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County plan gives rural residents well water access

December 11, 2018 GMT

MOUNT VERNON — Skagit County debuted a process Monday that makes it possible for all rural residents to have access to well water.

In a presentation to the state water availability task force, Skagit County Commissioner Lisa Janicki said the county will issue building permits to residential well users who are willing to install a tank that stores rainwater, then put the water back into the ground, thereby mitigating water used.

Will Honea, senior deputy civil prosecuting attorney with the county, said the county started working on this plan in January, soon before Skagit County was left out of a piece of state water availability legislation that is often called the Hirst Fix.

The county worked with consultant Associated Earth Sciences to create this plan.

Honea said homes with septic systems return about 90 percent of the water they use back into the ground. The idea is for a household to release water equal to the remaining 10 percent, fully mitigating its use.


“Your obligation legally is to put back the water you consumptively use,” Honea said.

The county set 350 gallons as the daily use, which Honea said is a generous estimate of use, in order to make certain water use will be fully mitigated.

“We need a solution that’s going to be so eminently reasonable that no one can object,” he said.

This means, on average, households using this plan will add more water to the Skagit River basin than they use, while also getting an emergency water source.

To comply with the county’s plan, homeowners need a 10,000-gallon tank, electronic monitoring equipment and a mechanism to continually release water.

Honea estimates it would cost about $20,000 per household to implement the plan.

He said Joe Mentor of Mentor Law Group, who has experience working on water availability in the state, told the county he believes the plan would stand up to legal challenges.

The plan has been in place for several months, but has not been publicly discussed. Three or four people have started the process of getting building permits under this plan, Honea said.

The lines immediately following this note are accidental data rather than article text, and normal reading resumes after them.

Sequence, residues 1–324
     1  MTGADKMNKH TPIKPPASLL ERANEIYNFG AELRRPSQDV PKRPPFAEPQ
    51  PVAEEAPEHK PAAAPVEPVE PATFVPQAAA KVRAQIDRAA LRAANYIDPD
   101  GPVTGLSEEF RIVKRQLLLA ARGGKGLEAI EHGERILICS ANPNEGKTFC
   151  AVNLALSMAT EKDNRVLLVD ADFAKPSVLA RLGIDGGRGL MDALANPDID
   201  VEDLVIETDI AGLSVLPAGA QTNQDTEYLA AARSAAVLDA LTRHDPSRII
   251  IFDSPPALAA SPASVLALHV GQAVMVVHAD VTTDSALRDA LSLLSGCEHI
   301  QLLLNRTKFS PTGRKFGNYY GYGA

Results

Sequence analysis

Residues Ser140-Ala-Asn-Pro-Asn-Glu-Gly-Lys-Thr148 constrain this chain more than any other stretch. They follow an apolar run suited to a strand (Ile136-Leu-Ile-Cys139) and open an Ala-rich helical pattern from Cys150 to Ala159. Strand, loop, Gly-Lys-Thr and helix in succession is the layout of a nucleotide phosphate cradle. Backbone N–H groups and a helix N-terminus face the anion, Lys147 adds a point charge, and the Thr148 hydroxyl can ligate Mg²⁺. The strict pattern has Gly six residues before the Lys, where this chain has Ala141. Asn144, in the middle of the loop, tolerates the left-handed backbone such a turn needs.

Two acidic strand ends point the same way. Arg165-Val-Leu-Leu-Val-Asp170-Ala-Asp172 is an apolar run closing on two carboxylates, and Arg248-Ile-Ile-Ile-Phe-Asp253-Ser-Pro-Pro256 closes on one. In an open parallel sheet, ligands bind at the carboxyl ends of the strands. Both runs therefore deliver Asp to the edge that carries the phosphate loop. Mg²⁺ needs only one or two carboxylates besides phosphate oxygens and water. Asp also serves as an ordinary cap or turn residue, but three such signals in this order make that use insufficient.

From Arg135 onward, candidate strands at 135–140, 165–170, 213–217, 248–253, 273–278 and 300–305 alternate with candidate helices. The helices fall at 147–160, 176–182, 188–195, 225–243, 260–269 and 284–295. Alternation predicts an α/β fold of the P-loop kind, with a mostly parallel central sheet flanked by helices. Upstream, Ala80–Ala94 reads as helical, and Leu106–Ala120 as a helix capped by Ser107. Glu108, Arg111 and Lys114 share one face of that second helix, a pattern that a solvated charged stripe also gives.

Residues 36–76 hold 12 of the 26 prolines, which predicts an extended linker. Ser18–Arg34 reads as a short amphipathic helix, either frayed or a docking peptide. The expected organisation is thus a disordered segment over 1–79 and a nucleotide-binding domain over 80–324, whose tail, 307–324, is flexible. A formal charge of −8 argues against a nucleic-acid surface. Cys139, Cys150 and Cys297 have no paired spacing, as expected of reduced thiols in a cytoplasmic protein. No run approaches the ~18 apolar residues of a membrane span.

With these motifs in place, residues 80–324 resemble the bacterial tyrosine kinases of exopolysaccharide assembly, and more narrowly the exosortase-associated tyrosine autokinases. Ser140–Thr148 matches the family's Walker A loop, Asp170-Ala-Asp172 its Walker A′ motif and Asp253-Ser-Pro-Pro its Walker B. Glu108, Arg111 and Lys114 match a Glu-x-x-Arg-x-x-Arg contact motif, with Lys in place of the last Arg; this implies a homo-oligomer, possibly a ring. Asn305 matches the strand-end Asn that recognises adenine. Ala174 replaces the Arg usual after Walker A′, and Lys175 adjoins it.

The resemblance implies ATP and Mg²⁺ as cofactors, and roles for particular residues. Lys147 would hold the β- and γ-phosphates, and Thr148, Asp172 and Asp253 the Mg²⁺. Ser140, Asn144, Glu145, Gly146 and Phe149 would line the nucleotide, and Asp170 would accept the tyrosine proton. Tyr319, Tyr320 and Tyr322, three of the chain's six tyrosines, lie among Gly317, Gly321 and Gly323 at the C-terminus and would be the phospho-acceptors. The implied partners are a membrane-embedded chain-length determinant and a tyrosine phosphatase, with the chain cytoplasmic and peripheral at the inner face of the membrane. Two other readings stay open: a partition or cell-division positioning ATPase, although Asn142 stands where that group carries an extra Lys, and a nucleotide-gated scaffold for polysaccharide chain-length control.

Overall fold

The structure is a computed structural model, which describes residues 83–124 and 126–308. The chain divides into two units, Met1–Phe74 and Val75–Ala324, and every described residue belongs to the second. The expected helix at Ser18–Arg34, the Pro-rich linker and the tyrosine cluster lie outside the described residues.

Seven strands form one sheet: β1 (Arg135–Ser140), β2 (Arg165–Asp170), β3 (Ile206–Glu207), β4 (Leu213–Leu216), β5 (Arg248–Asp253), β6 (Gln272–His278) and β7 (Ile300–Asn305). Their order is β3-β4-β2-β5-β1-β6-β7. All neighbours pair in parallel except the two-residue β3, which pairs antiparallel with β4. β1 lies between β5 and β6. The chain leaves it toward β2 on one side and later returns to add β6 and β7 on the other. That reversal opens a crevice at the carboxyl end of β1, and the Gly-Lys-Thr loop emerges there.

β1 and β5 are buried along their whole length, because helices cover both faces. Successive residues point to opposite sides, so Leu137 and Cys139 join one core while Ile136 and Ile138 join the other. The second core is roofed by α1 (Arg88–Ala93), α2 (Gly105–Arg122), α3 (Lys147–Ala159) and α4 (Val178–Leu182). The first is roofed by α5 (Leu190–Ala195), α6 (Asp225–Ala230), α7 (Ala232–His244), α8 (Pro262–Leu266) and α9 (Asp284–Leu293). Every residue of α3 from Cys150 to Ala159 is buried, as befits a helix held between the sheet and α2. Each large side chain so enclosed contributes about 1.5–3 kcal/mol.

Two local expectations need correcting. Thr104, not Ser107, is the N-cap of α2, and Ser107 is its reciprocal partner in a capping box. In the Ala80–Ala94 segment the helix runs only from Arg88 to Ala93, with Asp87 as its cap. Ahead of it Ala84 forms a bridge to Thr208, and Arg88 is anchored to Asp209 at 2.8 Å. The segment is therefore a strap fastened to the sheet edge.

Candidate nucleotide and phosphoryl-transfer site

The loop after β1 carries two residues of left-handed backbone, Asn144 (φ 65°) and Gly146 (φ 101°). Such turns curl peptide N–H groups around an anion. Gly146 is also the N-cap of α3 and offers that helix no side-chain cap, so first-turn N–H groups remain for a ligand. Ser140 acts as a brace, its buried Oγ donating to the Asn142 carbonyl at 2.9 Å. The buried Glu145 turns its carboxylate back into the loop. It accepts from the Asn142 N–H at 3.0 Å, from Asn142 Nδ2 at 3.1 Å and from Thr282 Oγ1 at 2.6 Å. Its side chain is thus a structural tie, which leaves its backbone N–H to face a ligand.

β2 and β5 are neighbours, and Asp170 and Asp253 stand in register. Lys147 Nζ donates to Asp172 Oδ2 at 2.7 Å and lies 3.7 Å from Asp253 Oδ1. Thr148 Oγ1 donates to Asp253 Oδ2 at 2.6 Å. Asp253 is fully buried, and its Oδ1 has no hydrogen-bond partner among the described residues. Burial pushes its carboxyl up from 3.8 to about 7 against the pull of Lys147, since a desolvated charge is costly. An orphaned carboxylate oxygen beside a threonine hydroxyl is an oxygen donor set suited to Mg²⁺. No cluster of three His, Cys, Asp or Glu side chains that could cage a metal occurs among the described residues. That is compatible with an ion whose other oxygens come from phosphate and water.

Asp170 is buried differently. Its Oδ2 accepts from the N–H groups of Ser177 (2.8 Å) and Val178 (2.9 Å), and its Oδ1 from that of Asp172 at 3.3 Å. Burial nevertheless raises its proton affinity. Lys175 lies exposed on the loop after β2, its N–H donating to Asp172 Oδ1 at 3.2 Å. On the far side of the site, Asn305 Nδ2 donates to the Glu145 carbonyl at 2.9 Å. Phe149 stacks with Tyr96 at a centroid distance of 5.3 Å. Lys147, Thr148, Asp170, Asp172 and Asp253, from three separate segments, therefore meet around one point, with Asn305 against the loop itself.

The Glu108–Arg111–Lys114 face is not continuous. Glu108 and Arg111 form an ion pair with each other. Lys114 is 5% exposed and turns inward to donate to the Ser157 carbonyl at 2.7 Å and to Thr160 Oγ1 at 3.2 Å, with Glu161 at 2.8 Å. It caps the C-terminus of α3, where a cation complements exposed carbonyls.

He and Janicki both said the same plan has been in use in Kittitas County, and that they believe this means the state Department of Ecology doesn’t object to such a plan. Janicki said she talked to a Kittitas county commissioner who confirmed this.

Dave Christensen, program development and operations section manager in the state Department of Ecology’s Water Resources Program, said he had not heard that Kittitas County had implemented a similar plan, and was unsure whether that was accurate.

He said Ecology doesn’t know enough about the Skagit County mitigation plan to support it.

“There are still a few technical questions,” he said.


Generally, he said Ecology supports the county’s desire to find legal water access for residents, but would prefer it find a solution that will be supported by all stakeholders, which in Skagit County includes the Swinomish Indian Tribal Community.

“Broad agreement leads to implementable solutions,” he said.

Larry Wasserman, the environmental policy director for the Swinomish, said the tribe doesn’t yet know if it will oppose this new mitigation plan.

“If it’s three people, it’s a different impact than 3,000,” he said.

He said the county has yet to respond to a Sept. 20 letter from the tribe that asks the county to estimate how many homeowners will seek this method of mitigation.

Until the tribe has the answer to this question, Wasserman said it cannot make a decision on whether to support the plan.

In her presentation, Janicki also spoke about a mitigation effort operated jointly by Ecology and the county — a recently finalized water bank for up to 96 homes along Nookachamps Creek between the Skagit River and Big Lake.

A water bank purchases unused water rights and repurposes them for property owners who have no legal access to water.

Priority will be given to 17 existing homes that do not have a legal source of water, while the rest of the bank’s water will be available for new uses on a first-come, first-served basis, according to an Ecology news release.

Janicki said neither of these solutions are perfect, but that Skagit County is past the stage where it can expect to allow for residential well use without some sort of mitigation.

“I don’t think there’s going to be a ‘magic wand’ cure,” she said. “I don’t see us ever going back to the way it was before.”